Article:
Graciela Iturbide: Visionary Ethnographer

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The New York Review of Books

by Christopher Alessandrini | 30 MARCH 2019

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Consider the chickens, roosting at a vendor’s feet as he reads the daily news; or a semi-circle of women clutching freshly plucked carcasses—wings outspread, headless, then bundled and hung. In the photography of Graciela Iturbide, animals appear in various stages of preparation: walleyed fish dangle in pairs; severed goats’ legs herringbone across a spread of drying mats. Iguanas wreathed around a woman’s stoic face—like tentacles, or the rays of an aureole—are destined for soup. The woman in this final, famous image, Our Lady of the Iguanas (1979), is Zobeida Díaz, a vendor in the Oaxacan town of Juchitán, vaulted from the market’s everyday bustle into the realm of myth. 

In “Graciela Iturbide’s Mexico”—a magnificent exhibition of approximately 125 gelatin silver prints at the Museum of Fine Arts, Boston—five decades of an extraordinary visual intelligence are on display. Winner of the Hasselblad Award (2008) and Cornell Capa Lifetime Achievement Award (2015), Iturbide has exhibited internationally for most of her career, but this is her first solo museum show on the East Coast since a modest traveling retrospective opened at the Philadelphia Museum of Art in 1998. Curated by Kristen Gresh in close collaboration with Iturbide, the show celebrates the museum’s recent acquisition of thirty-seven photographs, including two gifts from the artist. It is an overdue reintroduction to one of the world’s great photographers.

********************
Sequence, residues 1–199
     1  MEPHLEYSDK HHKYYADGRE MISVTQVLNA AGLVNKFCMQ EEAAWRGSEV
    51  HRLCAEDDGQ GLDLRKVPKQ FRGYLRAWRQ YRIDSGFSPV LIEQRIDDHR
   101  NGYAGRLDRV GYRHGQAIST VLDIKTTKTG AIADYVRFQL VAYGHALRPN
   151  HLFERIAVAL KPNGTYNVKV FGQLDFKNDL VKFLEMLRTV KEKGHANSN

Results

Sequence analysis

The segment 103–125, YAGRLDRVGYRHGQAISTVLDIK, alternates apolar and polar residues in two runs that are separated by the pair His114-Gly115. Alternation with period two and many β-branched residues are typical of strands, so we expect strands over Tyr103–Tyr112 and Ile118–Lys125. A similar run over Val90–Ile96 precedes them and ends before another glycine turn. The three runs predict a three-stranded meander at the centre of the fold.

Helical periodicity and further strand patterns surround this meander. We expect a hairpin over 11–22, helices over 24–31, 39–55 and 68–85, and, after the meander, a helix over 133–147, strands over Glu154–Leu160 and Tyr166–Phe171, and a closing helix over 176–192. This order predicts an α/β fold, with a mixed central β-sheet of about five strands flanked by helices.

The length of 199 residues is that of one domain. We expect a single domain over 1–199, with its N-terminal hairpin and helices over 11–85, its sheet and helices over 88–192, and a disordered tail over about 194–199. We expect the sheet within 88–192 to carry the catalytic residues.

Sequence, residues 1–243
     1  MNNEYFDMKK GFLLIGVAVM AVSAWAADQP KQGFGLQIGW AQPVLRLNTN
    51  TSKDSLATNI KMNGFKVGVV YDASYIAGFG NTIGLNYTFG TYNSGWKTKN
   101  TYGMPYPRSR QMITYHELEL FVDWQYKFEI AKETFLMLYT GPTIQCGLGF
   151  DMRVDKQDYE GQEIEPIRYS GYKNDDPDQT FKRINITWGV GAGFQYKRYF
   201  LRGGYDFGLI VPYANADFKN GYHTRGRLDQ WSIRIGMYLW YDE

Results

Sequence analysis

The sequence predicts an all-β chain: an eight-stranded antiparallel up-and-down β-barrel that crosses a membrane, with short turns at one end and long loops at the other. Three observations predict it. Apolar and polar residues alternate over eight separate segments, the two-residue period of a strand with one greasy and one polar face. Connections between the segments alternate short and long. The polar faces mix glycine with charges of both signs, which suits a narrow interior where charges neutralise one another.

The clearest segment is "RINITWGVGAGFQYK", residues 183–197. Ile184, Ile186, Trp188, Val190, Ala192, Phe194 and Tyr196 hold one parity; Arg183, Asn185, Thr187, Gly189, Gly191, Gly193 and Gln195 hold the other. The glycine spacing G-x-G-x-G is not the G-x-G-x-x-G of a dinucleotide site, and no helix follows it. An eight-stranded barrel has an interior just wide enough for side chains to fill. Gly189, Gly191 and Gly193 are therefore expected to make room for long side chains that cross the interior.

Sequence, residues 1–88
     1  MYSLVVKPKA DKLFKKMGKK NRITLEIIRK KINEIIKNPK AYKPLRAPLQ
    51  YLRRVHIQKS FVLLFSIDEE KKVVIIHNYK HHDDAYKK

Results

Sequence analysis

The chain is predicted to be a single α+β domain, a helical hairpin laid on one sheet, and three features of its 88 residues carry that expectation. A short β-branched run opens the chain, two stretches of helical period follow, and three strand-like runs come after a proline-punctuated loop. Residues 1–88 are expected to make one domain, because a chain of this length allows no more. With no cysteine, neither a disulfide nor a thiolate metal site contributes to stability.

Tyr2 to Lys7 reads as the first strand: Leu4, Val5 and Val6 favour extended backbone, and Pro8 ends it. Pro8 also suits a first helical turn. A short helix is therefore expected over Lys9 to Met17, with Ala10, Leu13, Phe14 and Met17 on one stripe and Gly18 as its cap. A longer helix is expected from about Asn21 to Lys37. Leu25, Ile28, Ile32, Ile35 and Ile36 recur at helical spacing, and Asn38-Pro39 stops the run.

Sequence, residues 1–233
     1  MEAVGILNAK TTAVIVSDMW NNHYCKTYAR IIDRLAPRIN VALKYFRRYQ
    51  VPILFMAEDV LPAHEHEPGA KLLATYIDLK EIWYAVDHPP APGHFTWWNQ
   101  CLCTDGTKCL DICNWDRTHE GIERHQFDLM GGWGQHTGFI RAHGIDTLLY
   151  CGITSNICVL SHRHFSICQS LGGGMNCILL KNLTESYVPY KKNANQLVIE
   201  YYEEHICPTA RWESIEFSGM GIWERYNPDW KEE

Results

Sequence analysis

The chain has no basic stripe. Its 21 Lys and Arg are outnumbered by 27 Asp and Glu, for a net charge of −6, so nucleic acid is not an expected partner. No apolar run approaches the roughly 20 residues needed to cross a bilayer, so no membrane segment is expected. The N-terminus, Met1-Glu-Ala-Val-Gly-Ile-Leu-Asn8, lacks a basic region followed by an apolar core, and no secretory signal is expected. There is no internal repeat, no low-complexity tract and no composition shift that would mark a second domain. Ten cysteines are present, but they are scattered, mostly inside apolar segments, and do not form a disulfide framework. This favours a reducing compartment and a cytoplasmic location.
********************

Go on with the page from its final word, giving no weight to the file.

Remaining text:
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Born in 1942, the eldest of thirteen children in a prosperous Catholic family, Iturbide originally wanted to be a poet. She was already twenty-seven, a mother of three and a recent divorcée, when she enrolled at the National Autonomous University of Mexico, determined to study cinematography. But her vocation shifted again after the death of her young daughter, in 1970, when she began to obsessively photograph dead infants, or angelitos, laid out in tiny white coffins. One day, documenting a funeral, she found an adult cadaver sprawled across the cemetery path, skull and torso picked clean. “There were many birds in the sky,” she recounted. “The ones that had been pecking on the man.” It was the moment she decided to stop photographing angelitos. “I felt that Death was saying to me, ‘Enough!’”

Ever since, flocks of birds have served as a major source of inspiration—reminders of death, certainly, but also of life’s strange continuities, flesh transubstantiated into flight. Her “Birds” series is monumental: massive swarms conducted through the sky like magnetic filings, obeying an inscrutable, suprahuman logic—seemingly algorithmic, ultimately impossible to decode. The photographs hum with remembered motion, scores of stark, glyph-like wings thronged around trees, a cruciform telephone pole.

Following the death of her daughter, Iturbide worked as an assistant to her professor, the legendary modernist photographer Manuel Álvarez Bravo. From 1970 to 1971, she traveled with him across Mexico, observing his process. While they did not collaborate or discuss each other’s work, he encouraged Iturbide’s interest in documenting Native Mexicans and offered advice that transformed her outlook: “Don’t rush yourself for anything,” she recalls him saying, in a captivating fifteen-minute documentary produced for the exhibition. “There’s always time.” Dedicating herself to the virtue of patience would prove invaluable in a long career marked by intimate involvement with her subjects.

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The dark ballast of Iturbide’s photography is a deep knowledge of predation: how humans prey on animals; how multinational corporations subsume developing economies; how modern industry exploits a largely indigenous underclass; how artists wrangle life from their subjects in the name of creation. In one haunting early photograph, a young Cuna woman walks through an open field in Panama, Pepsi-Cola’s logo embroidered on her shirt. The pernicious creep of capitalism, yes, but also its corollary: a vivid reminder that indigenous people, often relegated to an imagined antiquity, are full participants in contemporary life.

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